Edward Burra, Soldiers at Rye, 1941, Tate, © Tate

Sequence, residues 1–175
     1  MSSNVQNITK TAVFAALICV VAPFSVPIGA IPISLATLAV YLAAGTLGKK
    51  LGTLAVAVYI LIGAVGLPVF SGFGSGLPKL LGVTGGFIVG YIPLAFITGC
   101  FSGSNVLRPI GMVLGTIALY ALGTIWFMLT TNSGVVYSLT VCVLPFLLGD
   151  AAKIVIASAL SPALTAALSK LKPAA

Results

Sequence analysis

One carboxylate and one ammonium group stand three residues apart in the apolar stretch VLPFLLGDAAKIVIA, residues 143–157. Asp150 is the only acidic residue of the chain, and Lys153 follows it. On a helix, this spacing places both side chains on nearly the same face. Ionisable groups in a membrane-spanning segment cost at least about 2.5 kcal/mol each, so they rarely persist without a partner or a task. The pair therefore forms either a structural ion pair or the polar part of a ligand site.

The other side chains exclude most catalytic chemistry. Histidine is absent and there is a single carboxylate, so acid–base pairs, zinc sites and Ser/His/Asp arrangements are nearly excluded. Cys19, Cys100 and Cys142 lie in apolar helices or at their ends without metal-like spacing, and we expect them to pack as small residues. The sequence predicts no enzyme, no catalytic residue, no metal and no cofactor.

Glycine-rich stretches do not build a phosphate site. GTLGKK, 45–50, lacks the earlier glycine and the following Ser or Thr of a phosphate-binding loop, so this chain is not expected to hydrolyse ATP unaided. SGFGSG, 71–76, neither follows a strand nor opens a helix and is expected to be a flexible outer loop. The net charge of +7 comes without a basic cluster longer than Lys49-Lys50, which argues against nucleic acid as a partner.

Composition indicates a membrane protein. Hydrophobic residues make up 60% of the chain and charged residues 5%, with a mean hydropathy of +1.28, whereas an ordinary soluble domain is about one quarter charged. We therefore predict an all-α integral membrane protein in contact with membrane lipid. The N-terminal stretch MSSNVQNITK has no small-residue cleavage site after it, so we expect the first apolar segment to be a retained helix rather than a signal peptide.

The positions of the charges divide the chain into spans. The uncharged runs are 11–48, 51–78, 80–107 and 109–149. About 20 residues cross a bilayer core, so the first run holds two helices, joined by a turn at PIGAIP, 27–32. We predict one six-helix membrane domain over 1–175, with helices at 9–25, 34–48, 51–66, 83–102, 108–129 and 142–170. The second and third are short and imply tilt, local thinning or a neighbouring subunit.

Gay art’s all the rage at the major museums. First there was Hide/Seek at the Smithsonian’s National Portrait Gallery in 2010, then Masculin / Masculin at the Musée d’Orsay in 2013, and now Queer British Art 1861-1967 at Tate Britain. A survey show covering more than a century of queer life, it’s as much history as art, and there are odd little things, like the calling card on which Bosie’s nasty dad called Wilde a “sodomite,” that are surely more the province of an archive than a gallery. But judging from the distant view afforded by the internet, there are still a lot of images that stand on their own, without much need of historical explanation. It’s a big show – eight rooms – and were I in a hurry, I think I’d skip the pre-Raphaelites – so sad and damp – and the Wilde memorabilia, maybe take a quick peak at the Bloomsburies (great portrait of Vita Sackville-West by William Strang) and then head straight to the mid-20th century. I’ve seen enough Bacon and Hockney to know that I like them both and I don’t need that view reinforced here. But I’m curious about John Craxton and Edward Burra, both of whom are new to me. Burra’s bird-mouthed Soldiers at Rye reminds me of Gore Vidal at his best – that same savage mix of sex and politics. With their sharp beaks and massive butts, Burra’s soldiers look like they could eat you alive.